Summer is just around the corner, and it’s the time of year where many Australians will be pulling the cover off their pools and spending more time in the water - and as we all know, the heat doesn’t die down when the sun does. Relaxing in the water under the stars on a warm night can be the highlight of a long day – which means lighting is going to be important.

 

Having a well-lit pool means it can be used for all hours of the day, and makes it safer for use at night, illuminating the bottom and sides. Not only that – but lighting can add an extra level of aesthetic to your backyard! Giving you a perfect excuse to throw that evening pool party.

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Underwater Lighting: Basics

There are several styles to choose from when it comes to lighting your pool, the major breakdown being: Halogen, LED pool lights, and fibre optic lights.

It should be noted that pool lighting can be quite expensive, so making sure you choose the best option for your pool the first time will save you money in the long run. Have a budget in mind when you start your search. For reference, Halogen Lights are the least expensive, but LED has become cheaper in recent years, and as you’ll read below, has several advantages over Halogen.

 

Flush Mounted vs Surface Mounted

There are two lighting styles available for under water lights; surface-mounted and flush mounted.

Surface-mounted lights are typically larger, and protrude out of the pool wall. As they are easier to install than flush mounted lights, they are able to be retrofitted or upgraded from existing, older pool lights, without the need for re-drilling or extensive work.

Unfortunately, there are downsides to this style, as they can be easily broken by people using them as footholds, and are less aesthetically pleasing due to how they stick out from the pool wall.

On the other hand, Flush-mounted lights are installed flush with the pool wall, into a niche that houses it. This style is often seen in newer pools, and new designs are typically designed with flush-mounted lighting in mind. This style is most commonly seen in LED pool light designs.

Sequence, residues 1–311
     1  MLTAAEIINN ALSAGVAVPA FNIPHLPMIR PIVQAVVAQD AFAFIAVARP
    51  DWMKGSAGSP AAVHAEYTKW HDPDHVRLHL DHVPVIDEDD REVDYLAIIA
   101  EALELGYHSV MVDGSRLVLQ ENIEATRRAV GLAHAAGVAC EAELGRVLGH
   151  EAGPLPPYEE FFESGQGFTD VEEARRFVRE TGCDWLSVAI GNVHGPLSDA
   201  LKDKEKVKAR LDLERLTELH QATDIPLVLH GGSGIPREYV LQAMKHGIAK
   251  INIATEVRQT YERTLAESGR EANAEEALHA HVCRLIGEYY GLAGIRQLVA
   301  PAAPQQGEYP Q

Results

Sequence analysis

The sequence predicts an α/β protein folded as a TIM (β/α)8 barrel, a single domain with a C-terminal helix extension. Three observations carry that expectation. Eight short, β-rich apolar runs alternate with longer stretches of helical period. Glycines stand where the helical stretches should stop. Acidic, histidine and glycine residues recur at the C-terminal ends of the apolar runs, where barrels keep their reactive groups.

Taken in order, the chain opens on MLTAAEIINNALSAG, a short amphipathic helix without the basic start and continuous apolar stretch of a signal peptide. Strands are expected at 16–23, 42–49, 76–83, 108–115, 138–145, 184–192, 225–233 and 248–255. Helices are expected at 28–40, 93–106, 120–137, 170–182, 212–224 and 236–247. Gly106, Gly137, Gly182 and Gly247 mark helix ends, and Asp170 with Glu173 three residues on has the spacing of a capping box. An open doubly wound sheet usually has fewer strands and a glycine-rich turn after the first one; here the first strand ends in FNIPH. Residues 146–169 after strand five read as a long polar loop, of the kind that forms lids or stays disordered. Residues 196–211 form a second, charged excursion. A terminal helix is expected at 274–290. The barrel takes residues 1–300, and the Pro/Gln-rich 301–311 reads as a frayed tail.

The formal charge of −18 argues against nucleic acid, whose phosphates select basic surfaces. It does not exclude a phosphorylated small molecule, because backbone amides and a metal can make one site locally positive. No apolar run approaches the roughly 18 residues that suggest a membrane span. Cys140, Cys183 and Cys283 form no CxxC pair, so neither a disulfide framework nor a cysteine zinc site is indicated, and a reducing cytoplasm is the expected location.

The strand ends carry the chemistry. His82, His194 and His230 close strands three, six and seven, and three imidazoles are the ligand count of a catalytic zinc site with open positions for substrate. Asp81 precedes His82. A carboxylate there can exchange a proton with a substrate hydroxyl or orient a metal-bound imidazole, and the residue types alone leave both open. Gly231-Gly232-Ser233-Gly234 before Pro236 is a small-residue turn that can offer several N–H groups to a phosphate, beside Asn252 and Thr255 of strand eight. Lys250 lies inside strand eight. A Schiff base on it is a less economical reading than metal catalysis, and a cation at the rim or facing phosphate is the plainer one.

The downside to this style is they are harder to retro-fit, needing redrilling and additional construction if you have an older pool, or are upgrading from surface-mounted lights.

Lighting Technology

As mentioned previously, there are three main lighting technologies seen in pool lights: Halogen, LED and Fibre Optic.

Halogen lights

Halogen lights were long the most popular lighting choice in and out of the water. But, as with the rest of the lighting industry, these lights are slowly being phased out in favour of LEDs. Despite this, they are still available on the market, and often for much cheaper prices than LEDs.

The downside is that these lights use more energy and burn out faster, meaning that you need to change them more often, often costing you more in the long run despite their cheaper up-front cost. Additionally, unlike LEDs, halogen lights come in much fewer colour options.  

Fibre Optic Light Cable

These lights differ from LED and Halogen, as they aren’t installed in either the Flat or Surface mounted styles. Instead, the light is placed in a dry box above the pool, and the fibre optic cable is installed around the edge of the pool. This makes them much easier to replace when compared to the other styles.

Sadly, these lights provide a much lower level of illumination when compared to LED and Halogen lumen output, and have a much higher cost over their lifetime to both install and maintain.  

LED Lighting 

Finally, LED. We've talked extensivily about the benefits of LED in our past blogs, but it begs rementioning here as well. LED lights have a huge range of benefits, including: 

  • - Available in a variety of colour temperatures
  • - Not sensitive to cold environments
  • - Produce next to no heat or UV emissions
  • - Can be cycled on and off frequently without shortening the lifespan

LED Pool lights come in a range of styles and options, including colour changing RGB remote controlled lights. 

While these lights are typically more expensive in their up-front cost, their longer life and long term power savings will easily make up for it. 

Conclusion: 

The right pool light for you will depend on your pool size and existing installations. If you want some mood lighting - the lower lumen of Fibre Optic Cables may work, though so too will dimmable LED lights! Halogens are always an option if you're on a lower budget and don't intend to use your lights often.